by Cathy Barbarossa
Who doesn’t love a little bling?
I’m a pretty simple person who doesn’t doll myself up very much, but I have to admit, I love that I can quickly dress up my face when I change my earrings.
I knew I wanted to pierce my daughter’s ears someday, but when is it a good time?
I thought if I waited until she was older, she might be too afraid of the pain. So, I decided to do it when she was a baby so she wouldn’t remember it. At the time, six months old felt about right since she wasn’t mobile yet and would stay still during the piercing.
My doctor said it was ok. My mother encouraged it. And, most of my friends were jumping on the bandwagon. All signs pointed to yes, but I was still unsure. The deciding factor? I had a subtle nudge from a few strangers when they would refer to my baby girl as a “he”.
At first, I thought it was the most adorable thing to see little girls with a little shazzam. After I went through with it, I quickly realized there was nothing cute about it! I did not research the topic before I did it because it’s such a common procedure, but I definitely would NOT have done it if I knew all the risks.
Here are five reasons why moms should NOT pierce their baby’s ears:
1. If the earring is pulled, it can tear the earlobe.
My baby and I unintentionally yanked on her ears quite often since her earrings accidentally got caught in her wool winter hat, her sweaters, her hand-knit blankets, and on my bra while breastfeeding. Every time it happened, I always panicked as I tried to gently remove the small piece of yarn or thread from a tiny earring. She was usually squirming, so if she pulled on it hard enough, she could have torn or damaged her earlobe.
2. People can contract Hepatitis B and other serious infections.
If dirty or contaminated equipment is used, Hepatitis B, tetanus bacteria and other serious infections can be contracted through a piercing. I am now very grateful that the cosmetician did not allow me to bring in my own earrings because the ones they sell are all sterilized. Make sure they use gloves, disinfect the piercing gun in front of you and are working in a clean area.
3. Adding antiseptic for six weeks is critical to avoid infection.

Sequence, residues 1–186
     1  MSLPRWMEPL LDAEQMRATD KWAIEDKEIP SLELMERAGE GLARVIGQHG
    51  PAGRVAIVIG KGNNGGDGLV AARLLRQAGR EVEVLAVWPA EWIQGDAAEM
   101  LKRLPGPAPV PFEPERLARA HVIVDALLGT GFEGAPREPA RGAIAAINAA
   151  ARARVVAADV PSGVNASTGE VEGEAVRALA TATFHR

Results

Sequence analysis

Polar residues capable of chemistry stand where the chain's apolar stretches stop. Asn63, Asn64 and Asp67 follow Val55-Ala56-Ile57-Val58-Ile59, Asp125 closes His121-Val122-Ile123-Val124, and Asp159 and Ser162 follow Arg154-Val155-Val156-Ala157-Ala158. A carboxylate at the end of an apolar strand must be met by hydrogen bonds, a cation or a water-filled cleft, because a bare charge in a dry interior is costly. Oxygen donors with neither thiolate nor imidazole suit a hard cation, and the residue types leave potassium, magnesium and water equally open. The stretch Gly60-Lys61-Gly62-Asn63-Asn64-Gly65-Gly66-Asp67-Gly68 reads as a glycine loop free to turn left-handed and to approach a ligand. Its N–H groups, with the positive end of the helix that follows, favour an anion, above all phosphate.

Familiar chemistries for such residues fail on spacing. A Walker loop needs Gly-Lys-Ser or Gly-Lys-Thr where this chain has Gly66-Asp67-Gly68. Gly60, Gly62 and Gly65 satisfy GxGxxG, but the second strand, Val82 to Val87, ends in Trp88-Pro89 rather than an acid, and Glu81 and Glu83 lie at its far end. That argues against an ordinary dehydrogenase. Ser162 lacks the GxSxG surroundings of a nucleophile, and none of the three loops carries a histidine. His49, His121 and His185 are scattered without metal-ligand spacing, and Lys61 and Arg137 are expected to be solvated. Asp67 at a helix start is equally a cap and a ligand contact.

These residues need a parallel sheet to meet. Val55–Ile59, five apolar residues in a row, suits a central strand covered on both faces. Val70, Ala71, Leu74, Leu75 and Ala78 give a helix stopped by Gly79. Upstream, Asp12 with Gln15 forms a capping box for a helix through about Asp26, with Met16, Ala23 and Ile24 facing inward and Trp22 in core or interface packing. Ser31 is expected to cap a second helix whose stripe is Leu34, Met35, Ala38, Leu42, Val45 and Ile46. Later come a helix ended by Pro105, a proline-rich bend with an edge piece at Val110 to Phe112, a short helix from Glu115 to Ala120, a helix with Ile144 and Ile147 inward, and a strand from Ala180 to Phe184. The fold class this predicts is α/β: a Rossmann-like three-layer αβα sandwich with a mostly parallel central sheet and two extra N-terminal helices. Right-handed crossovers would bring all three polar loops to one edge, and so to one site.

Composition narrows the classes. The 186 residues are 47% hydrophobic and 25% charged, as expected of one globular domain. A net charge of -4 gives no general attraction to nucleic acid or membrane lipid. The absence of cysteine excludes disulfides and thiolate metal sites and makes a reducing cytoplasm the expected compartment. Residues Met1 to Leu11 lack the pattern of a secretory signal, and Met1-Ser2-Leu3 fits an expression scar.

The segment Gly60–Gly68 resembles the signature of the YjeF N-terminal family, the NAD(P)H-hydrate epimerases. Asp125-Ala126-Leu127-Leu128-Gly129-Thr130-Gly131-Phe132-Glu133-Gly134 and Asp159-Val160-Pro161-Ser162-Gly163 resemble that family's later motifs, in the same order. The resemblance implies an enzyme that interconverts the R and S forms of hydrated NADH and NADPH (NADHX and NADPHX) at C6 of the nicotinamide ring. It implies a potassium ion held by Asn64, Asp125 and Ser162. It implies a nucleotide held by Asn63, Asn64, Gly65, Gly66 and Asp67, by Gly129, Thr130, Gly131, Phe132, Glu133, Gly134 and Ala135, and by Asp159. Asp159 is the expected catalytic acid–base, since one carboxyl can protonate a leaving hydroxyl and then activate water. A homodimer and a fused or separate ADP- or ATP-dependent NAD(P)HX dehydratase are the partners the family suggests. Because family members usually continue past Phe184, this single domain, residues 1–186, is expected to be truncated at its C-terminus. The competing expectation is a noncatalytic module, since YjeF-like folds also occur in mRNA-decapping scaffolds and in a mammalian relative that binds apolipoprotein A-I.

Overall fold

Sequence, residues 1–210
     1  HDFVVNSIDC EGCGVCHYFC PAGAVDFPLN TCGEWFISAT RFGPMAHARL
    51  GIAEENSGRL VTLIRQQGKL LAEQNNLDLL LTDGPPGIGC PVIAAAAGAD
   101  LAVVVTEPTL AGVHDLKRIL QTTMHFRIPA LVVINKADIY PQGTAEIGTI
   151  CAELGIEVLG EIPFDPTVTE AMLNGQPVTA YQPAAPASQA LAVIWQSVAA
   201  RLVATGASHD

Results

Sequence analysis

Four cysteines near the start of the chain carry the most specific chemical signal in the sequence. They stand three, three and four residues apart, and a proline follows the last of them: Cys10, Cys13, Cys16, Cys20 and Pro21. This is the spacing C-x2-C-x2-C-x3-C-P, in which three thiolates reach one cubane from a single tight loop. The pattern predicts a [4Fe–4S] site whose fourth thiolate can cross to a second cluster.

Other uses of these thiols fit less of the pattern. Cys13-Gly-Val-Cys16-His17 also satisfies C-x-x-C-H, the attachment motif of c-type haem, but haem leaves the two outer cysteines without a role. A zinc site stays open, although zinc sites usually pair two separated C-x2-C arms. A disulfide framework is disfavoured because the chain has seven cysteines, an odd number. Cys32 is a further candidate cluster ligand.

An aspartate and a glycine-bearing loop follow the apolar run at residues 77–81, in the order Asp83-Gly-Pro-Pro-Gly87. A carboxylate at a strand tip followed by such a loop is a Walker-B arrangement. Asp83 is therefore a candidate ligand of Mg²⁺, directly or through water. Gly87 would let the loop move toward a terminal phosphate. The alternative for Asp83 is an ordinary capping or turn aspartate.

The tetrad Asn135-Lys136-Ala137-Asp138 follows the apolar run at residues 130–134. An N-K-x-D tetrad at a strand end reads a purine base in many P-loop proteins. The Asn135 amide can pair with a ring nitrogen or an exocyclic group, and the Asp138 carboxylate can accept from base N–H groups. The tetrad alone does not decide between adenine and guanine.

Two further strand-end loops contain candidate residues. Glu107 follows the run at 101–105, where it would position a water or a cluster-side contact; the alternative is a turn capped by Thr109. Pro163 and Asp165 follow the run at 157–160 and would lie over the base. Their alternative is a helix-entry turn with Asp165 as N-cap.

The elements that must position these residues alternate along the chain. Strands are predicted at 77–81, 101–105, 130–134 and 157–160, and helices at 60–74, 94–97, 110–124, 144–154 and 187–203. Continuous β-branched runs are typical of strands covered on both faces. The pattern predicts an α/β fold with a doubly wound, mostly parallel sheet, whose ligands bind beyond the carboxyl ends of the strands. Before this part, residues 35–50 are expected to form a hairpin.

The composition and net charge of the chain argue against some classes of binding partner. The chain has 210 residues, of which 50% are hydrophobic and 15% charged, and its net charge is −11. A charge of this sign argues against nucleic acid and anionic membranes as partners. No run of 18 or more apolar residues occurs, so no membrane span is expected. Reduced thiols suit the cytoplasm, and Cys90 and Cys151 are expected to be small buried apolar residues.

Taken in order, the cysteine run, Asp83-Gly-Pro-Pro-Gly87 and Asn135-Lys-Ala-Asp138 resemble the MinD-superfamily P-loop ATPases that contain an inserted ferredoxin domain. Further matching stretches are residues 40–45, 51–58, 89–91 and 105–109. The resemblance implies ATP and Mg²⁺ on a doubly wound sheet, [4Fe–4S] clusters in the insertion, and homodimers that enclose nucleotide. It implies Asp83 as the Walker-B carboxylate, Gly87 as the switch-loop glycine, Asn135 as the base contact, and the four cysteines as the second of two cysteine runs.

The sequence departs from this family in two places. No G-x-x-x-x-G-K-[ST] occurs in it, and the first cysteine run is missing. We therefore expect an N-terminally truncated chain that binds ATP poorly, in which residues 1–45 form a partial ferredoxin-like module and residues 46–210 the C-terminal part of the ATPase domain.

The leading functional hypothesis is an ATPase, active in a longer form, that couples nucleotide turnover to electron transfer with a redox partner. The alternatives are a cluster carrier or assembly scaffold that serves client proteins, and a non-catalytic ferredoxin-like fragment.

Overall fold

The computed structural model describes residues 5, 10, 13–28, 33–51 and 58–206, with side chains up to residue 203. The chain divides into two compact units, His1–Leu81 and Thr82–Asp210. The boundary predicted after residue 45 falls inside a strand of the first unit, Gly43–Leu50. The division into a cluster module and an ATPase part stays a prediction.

As if you didn’t have enough things to do, here’s an extra thing to add to your ever-growing-to-do-list. It’s very important to disinfect your baby’s piercing with an antiseptic for six weeks, a few times a day. My baby hated the wet and cold feeling on her ears and wound up getting fidgety and crying afterwards.
4. An infection can cause a lot of discomfort.
My poor little girl not only had red ears, but there was a funky goop coming from the piercing. Although the earring was gold, the backing of the earring was gold plated (which, apparently, is very common). The doctor told me that many babies can develop an allergic reaction to gold or gold plating. Plus, with her tender ears rubbing against her clothes or sheets throughout the day, it also contributes to the area getting irritated. So now, on top of the antiseptic, I had to clean them with an antibiotic cream as well.
5. It’s a choking hazard for children under the age of 3.
I would never give my kids a toy they could choke on. So, why did I think that an earring was different? The last and scariest moment for me was when I thought my baby swallowed her earring. Although she didn’t choke on it – thank goodness – I called a toll-free nurse helpline for advice on what to do.
The nurse told me to take her to Emergency immediately to take x-rays. Best case scenario, she would poop it out naturally in a few days.
Worst case? If she didn’t poop it out, she could have some internal damage from the sharp pin. If it gets stuck in her throat or esophagus, it could damage her voice box. Or, while it’s passing through the stomach or intestines, it could scratch or poke the lining causing internal bleeding. For the next 48 hours, I had to be on the lookout for vomiting, fever, bloody stool, loss of appetite, or abdominal pain.
My heart stopped when I heard this! How could something so fun and adorable turn so ugly?
Thankfully, she didn’t swallow the earring after all. I wound up finding both the missing earring and its clasp under the rug. From that day on, my husband and I decided not to put the earrings back in. If my daughter wants to pierce her ears when she’s older, it’s her choice! If she chooses not to, who cares?
I know there are many people who have positive experiences with a piercing, so you may think I’m blowing the topic out of proportion. My own ears are pierced and I had no issues with mine. So yes, the process can be beautiful for some people, but in my eyes, if it risks my baby’s health – it’s simply not worth it.
As her mother, I do everything in my power to keep her healthy and safe. Why is it that I turned a blind eye to dress up an ear?
Cathy Barbarossa is a freelance writer and proud mom and wife. Although writing about food is her niche, her new passion includes providing inspirational tips, tricks and tales dedicated to the unsung heroes who bring life to life: Moms.